I’ve been working with the latest electronic medical record (EMR) for almost a year now. You know the one. There are many positive changes, to be sure. It has helped me more than a few times with calculating doses for kids’ medications. I can now easily check in on my patients’ progress when they are admitted to the hospital. And, of course, the notes are far more legible.
But what do the notes actually tell me? Sadly, sometimes, not much.
We are in the age of copy and paste medicine, an unintended (I hope) yet predictable consequence of the EMR. I see it on the outpatient side, but it was really driven home after my latest stint on the pediatric ward. There, I see the patients every day. Their status changes. But, sometimes the notes don’t. It’s little things- like a patient who’s been extubated for a couple days but still has vent settings in the note. Or a note (written using a template) that tells me that a 17-year-old’s fontanelle is closed. Technically true, but definitely hasn’t been relevant for about 16 years.
But it’s the assessments, or lack thereof, that really get me. My favorite part of the progress note, the assessment, tells me how the patient is doing. Better? Worse? Clear diagnosis? Still up for debate? What’s more, when I’m working with trainees it shows me how (and whether) they are thinking. It helps me to know whether they understand why we are doing what we’re doing. In the EMR the assessment often degenerates into a computer-generated problem list without any particular assessment by the author of the note. Or, a cut and paste of the assessment from a colleague that is a few days old, not adjusted for what we’ve learned and decided since admission.
But, don’t think this is just affecting trainees. It happens at all levels, and to even the most conscientious of physicians. When following a high number of patients on a given day it gets very difficult to review every single line of a long note or catch every needed change. The sheer amount of documentation we are now asked to do for each patient encounter often makes me feel that the system values quantity over quality. The best note I read recently as ward attending came from an unlikely source, the attending surgeon. Only a few lines long, it likely didn’t meet criteria for “meaningful use”, but it told me what I needed to know. I quickly gleaned the surgeon’s opinion about how this patient was doing clinically, their thoughts on the most likely diagnosis, and whether they felt the patient needed surgery.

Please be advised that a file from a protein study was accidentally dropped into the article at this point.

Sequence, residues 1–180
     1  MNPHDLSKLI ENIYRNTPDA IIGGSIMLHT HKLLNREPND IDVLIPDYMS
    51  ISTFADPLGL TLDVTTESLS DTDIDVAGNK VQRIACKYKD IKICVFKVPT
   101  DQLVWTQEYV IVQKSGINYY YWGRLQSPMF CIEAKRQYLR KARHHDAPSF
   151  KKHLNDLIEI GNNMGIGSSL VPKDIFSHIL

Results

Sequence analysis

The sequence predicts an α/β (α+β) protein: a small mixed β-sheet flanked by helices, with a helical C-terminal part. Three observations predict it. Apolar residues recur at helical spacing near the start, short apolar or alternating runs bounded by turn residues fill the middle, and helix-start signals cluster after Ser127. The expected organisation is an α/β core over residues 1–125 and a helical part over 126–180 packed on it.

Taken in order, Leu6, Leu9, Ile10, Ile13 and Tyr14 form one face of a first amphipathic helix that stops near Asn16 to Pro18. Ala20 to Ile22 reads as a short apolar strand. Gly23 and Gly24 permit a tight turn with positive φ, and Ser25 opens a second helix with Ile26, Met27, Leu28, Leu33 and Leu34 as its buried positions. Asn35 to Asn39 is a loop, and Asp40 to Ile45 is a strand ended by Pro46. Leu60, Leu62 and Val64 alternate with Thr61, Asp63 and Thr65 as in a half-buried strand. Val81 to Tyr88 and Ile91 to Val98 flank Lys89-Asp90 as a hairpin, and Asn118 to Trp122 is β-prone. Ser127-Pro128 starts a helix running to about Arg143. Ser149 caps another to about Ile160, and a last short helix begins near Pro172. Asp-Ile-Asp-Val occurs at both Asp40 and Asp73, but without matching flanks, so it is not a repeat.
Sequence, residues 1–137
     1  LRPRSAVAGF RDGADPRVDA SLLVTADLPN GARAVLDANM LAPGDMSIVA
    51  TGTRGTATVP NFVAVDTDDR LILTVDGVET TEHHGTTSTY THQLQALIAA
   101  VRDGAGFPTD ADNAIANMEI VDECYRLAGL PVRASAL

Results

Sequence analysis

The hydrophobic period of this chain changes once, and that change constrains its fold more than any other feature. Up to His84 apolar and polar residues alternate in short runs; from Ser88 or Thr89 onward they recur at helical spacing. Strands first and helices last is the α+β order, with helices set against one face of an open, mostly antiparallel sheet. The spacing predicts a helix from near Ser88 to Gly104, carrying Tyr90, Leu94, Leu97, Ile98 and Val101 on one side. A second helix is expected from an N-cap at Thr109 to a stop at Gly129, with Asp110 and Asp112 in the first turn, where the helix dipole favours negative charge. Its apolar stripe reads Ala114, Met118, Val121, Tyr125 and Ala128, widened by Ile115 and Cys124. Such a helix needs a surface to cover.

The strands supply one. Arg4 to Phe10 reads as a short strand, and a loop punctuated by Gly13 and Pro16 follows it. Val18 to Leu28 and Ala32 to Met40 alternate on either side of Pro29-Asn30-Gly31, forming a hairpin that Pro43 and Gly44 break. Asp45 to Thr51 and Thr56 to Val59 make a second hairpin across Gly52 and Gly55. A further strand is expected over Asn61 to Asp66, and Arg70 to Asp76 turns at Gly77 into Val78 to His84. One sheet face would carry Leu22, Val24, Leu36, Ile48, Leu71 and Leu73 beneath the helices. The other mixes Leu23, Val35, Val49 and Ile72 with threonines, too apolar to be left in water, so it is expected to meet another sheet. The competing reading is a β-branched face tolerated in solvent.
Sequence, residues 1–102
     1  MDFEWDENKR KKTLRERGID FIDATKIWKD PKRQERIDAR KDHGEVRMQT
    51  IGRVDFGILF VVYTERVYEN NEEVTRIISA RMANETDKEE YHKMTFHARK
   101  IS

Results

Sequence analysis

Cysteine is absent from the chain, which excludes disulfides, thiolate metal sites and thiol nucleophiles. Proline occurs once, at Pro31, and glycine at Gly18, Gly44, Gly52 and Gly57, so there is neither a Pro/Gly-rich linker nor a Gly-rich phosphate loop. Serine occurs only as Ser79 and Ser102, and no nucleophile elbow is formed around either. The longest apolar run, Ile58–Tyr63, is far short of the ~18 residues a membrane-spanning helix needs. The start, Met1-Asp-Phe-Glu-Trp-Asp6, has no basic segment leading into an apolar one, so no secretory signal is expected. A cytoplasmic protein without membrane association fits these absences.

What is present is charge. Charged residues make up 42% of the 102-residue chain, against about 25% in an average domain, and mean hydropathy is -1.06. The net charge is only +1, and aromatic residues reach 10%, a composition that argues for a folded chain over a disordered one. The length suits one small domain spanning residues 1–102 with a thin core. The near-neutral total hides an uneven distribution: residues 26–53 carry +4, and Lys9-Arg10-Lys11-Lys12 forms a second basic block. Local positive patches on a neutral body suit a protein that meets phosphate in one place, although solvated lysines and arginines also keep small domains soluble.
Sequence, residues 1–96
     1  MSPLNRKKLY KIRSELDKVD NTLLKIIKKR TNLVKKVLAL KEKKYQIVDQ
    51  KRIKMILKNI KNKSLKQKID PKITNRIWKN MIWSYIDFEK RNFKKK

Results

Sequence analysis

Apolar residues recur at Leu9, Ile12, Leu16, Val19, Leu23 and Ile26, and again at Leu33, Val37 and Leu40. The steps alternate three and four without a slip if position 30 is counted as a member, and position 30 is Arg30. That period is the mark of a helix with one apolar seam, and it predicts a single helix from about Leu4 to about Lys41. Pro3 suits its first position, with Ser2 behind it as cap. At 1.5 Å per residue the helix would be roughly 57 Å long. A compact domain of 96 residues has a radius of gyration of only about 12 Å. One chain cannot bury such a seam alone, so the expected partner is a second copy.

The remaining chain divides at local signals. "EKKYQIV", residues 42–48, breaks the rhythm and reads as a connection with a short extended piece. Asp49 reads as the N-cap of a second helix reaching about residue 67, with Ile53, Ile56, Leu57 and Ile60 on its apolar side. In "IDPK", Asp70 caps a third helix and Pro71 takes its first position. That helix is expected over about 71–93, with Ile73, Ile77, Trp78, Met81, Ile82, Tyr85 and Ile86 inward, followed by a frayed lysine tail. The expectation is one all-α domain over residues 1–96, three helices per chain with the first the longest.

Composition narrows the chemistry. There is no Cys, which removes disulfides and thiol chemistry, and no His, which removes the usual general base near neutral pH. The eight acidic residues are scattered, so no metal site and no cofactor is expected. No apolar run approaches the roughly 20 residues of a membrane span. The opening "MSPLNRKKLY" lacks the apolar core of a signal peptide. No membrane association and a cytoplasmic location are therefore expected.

I can’t help thinking that current medical practice stands in stark contrast with the type of medicine described by Victoria Sweet in her wonderful book, God’s Hotel. She describes a slower kind of medicine, with focus on the patients and time to “just sit”,
“. . .after Ms. Gilroy, I took the time to “just sit” in this way with all my patients. Especially if they took a turn for the worse, or if a nurse or family member was worried that something wasn’t quite right. I would leave my cell phone in the nursing station, turn off my beeper, move a chair next to the patient, and sit down. Not for long- five or ten minutes. Sometimes the patient would want to chat, and we would chat, and sometimes I would study the patient’s face, bedclothes, and bureau. But mostly I would just sit. And something, somehow, would happen. It would become clear what, if anything, was wrong with the patient and what, if anything, I could do about it.”
Instead of this experience, new doctors are sitting with computers.
I remain hopeful that we are simply in version 1.0 of all of this. That future iterations will bring improvement and a return to more a patient-centered and provider-friendly form. That technology will begin to help rather than hinder. And, I’m certainly grateful that I can now easily read the consult note that previously remained mysterious until a conversation with its author. But I can’t help feeling a bit nostalgic for the good ol’ days.
Sadly, I completely agree. EHRs are ideally meant to improve documentation and effective communication and, ultimately, improve care. However, most often, they are programmed to satisfy the requirements of insurance companies, medical billers, and lawyers, with little attention to medical necessity and actual substance.